Coming: ‘Fashioned from Nature’ Exhibition at Victoria & Albert Museum London

Melvyn Teillol-Foo

V&A Museum London

Coming Soon

The first UK exhibition to explore the complex relationship between fashion and nature from 1600 to the present day, will be hosted by the Victoria & Albert Museum (V&A) London, U.K. from 21st April 2018 until 27th January 2019.

Fashionable dress will be presented alongside natural history specimens, innovative new fabrics and dyeing processes, thus inviting visitors to think about the materials of fashion and the sources of their clothes.

V&A Museum Location

Victoria and Albert Museum
Cromwell Road
London, SW7 2RL

Opening Hours
Daily: 10.00 – 17.45
Friday: 10.00 – 22.00

Admission to the V&A is free but tickets for this special exhibition will cost £12 each.

Advanced booking is advisable as entry times are issued in 15-minute timeslots from 10:00 – 16:00 daily.

V&A – the world’s leading museum of art and design

From its early beginnings as a Museum of Manufactures in 1852, to the foundation stone laid by Queen Victoria in 1899, to today’s state-of-the-art galleries, the Museum has constantly evolved in its collecting and public interpretation of art and design. Its collections span over 5,000 years of human creativity in nearly every medium, housed in one of the finest groups of Victorian and modern buildings in Britain.

V&A Museum John Madejski Garden (photo by marcus ginns)

With a permanent collection of over 2.3 million objects, the V&A is the world’s leading museum of art and design. The Museum holds many of the UK’s national collections and houses some of the greatest resources for the study of architecture, furniture, fashion, textiles, photography, sculpture, painting, jewellery, glass, ceramics, book arts, Asian art and design, theatre and performance.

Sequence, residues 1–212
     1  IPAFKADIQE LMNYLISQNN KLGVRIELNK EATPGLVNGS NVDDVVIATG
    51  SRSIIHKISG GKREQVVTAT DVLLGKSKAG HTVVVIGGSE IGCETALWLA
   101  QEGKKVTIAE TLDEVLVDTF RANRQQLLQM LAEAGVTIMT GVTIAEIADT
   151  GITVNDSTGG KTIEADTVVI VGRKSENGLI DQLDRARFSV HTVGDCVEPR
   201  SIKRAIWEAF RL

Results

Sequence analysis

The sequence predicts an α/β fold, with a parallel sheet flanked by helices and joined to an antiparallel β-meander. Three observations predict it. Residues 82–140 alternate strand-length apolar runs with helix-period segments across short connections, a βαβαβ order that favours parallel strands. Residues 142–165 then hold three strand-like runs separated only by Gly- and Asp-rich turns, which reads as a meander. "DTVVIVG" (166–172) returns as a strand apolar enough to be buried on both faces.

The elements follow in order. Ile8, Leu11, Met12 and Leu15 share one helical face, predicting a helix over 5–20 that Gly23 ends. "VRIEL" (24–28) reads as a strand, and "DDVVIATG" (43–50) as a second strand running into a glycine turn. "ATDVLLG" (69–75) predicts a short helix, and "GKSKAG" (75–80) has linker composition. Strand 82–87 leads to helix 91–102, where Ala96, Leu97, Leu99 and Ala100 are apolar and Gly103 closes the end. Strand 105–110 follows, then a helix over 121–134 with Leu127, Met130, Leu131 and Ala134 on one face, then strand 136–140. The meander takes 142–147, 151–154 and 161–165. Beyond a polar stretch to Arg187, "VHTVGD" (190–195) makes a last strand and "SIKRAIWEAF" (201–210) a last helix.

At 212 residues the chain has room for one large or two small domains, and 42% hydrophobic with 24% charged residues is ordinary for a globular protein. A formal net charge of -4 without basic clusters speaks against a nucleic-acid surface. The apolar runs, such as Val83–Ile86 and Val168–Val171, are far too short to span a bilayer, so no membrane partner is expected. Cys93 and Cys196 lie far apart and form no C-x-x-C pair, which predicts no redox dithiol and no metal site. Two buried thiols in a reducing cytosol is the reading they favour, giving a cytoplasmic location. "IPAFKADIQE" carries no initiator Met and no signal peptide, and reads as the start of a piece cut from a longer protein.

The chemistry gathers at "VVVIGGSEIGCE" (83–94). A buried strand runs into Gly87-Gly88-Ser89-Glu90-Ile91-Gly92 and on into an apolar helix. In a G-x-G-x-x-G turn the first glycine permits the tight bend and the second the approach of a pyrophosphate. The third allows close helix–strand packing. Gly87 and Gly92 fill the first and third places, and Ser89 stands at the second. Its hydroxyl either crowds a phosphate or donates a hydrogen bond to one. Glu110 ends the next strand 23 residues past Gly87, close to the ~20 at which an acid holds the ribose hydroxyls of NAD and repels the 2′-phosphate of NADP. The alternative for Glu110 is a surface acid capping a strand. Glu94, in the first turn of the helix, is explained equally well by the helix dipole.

World’s museum firsts: Gaslights and Restaurant

Victorian Gentleman

In the 1860s, Londoners could ride in a horse-drawn cab out from central London to the suburb known as Brompton. There, at the South Kensington Museum (as the V&A was then named), they could enjoy the collections of applied art and science late into the evening thanks to the use of gas lighting in the galleries – a world first.

The founding Director, Henry Cole, hoped the Museum would “furnish a powerful antidote to the gin palace”. But visitors who made the journey would also be treated to another world first – a museum restaurant.

The Centre Refreshment Room (later named The Gamble Room), late 1860s. Museum no. E.655-2009. © Victoria and Albert Museum

When entering the Museum from the garden, the public were greeted by three arches with glass screen doors that led to a trio of refreshment rooms. Henry Cole’s concept of a museum restaurant was seen as a way of encouraging people to come and enjoy culture. Cole had learnt about visitors’ needs (tea and a bun or a hot meal) while managing the Great Exhibition in 1851. Most other museums did not invest in catering until the 20th century. The original refreshment building was a temporary structure described as ugly by a leading newspaper. It was demolished in 1867.

The New Refreshment Rooms

Three new refreshment rooms – the Gamble, Poynter and Morris Rooms – were opened in 1868, although work continued on their decorations for many years.

The Gamble Room

The first room, originally known as the Centre Refreshment Room and now as the Gamble Room, stood immediately opposite what was intended to be the main entrance. Besides enticing visitors with delicious smells and the welcoming sounds of gaiety, the room was wrapped in a glittering expanse of colourful ceramic, glass and enamel. Newspapers found the room “bright and cheerful … It looks like one of the richly and gaily-adorned cafés of Paris”.